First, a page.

Yesterday was a day of coping, of processing -- not just for me but for a lot of Americans who thought Hillary had it in the bag. News outlets in particular were trying to figure out how they got it so wrong. There were questions about the reporting, polling and statistics that led The New York Times, for example, to put Hillary's chances at better than 90 percent at times. I am frankly quite angry with my trusted news sources, and people like David Brooks, who a month ago confidently called Nov. 9 "the day after Trump loses."
Was Hillary derailed by outright misogyny? Well, perhaps partly. I kept thinking about remarks made by Bishop Gene Robinson back when I met him in 2008, about the fury of the subsiding male patriarchy, and the link between that anger and homophobia. It's not surprising that the same angry patriarchy would resist a woman -- and yet a lot of women voted for Trump, too. As Dave pointed out to me, women can also be sexist, believing they should follow their husband's lead -- or their church's -- at the ballot box. But clearly that doesn't explain everything.
People are just desperate. That's the bottom line. And Hillary admittedly wasn't the strongest candidate with a lot of Americans, who believe her to be somehow duplicitous and self-serving. I don't see it, but that's just me.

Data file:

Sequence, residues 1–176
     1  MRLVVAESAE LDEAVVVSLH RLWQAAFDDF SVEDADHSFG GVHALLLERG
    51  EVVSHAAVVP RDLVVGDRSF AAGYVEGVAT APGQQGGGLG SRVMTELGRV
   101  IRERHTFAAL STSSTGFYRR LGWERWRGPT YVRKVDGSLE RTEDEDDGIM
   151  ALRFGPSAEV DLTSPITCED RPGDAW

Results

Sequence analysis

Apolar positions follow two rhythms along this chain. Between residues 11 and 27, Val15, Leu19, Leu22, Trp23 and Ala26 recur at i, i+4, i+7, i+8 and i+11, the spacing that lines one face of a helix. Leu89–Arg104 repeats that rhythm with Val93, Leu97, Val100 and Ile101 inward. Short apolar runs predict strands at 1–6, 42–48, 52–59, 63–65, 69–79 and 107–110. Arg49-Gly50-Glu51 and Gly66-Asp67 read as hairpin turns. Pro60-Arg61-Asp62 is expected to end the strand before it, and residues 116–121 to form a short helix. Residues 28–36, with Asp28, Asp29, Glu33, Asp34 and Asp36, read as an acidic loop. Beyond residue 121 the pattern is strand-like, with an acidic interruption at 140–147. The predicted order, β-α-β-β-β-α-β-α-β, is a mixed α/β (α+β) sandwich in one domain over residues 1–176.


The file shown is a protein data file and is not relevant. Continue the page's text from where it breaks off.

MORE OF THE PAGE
I was in a mood of mourning for most of the day -- stunned, sickened disbelief. Of course, I come from the same New York bubble that so confidently predicted her victory. I move within those circles even now, here in London. So it's no surprise that to me, the whole thing seemed like a bolt out of the blue.
I posted a lament on Facebook, linking Trump and Brexit and the growing rise of nationalism. One of my friends replied, "Maybe globalization has been good to you, Steve. Evidently to many it has not." This just pissed me off a little bit. My entire career got torpedoed by a round of job cuts in 2009 -- admittedly linked more to the changing media climate than globalization, but it's all part of the same march toward modernity. I'm now in a job where I make a fraction of what I used to make. Am I better off than some people? Maybe -- I don't have kids to educate or a mortgage to pay. But I've designed my life that way. It wasn't accidental.
I would say I survived globalization. I'm not sure I've prospered, but I've coped. I certainly don't see how supporting Trump addresses the ills of the changing economy.
Anyway, it makes me sad to think we now have that poisonous man -- and his poisonous pals, like Rudy Giuliani -- in the White House, role models for our kids. It makes me sad to think how hard Hillary worked, for years and years, for the presidency, how prepared she was, and how we will no longer benefit from her knowledge and experience. It makes me sad that we missed an opportunity to show, rather than merely tell, our daughters that women can be president, too.
But now I have to move on, as do we all. We have to learn to live with this. (Friends in the U.S. keep saying to me, "Well, at least you live overseas!" And that's true -- adapting may be a bit easier for me. But Trump is still the leader of the free world. He'll be in my face just as much as he'll be in yours.)
Yesterday, as Dave left for work, I said to him, "Thank God you're not a Trump supporter."
He replied, "That would be grounds for divorce!"
(Photos: Sidewalk debris I found while walking Olga on Sunday.)